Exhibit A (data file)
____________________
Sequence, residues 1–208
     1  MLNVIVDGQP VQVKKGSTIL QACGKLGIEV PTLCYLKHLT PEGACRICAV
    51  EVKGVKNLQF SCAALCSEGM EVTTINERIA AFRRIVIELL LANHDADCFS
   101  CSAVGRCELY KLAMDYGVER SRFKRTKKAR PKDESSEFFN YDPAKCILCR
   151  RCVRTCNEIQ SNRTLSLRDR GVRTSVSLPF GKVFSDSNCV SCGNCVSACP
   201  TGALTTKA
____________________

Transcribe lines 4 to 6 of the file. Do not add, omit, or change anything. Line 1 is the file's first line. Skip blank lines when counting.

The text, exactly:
   101  CSAVGRCELY KLAMDYGVER SRFKRTKKAR PKDESSEFFN YDPAKCILCR
   151  RCVRTCNEIQ SNRTLSLRDR GVRTSVSLPF GKVFSDSNCV SCGNCVSACP
   201  TGALTTKA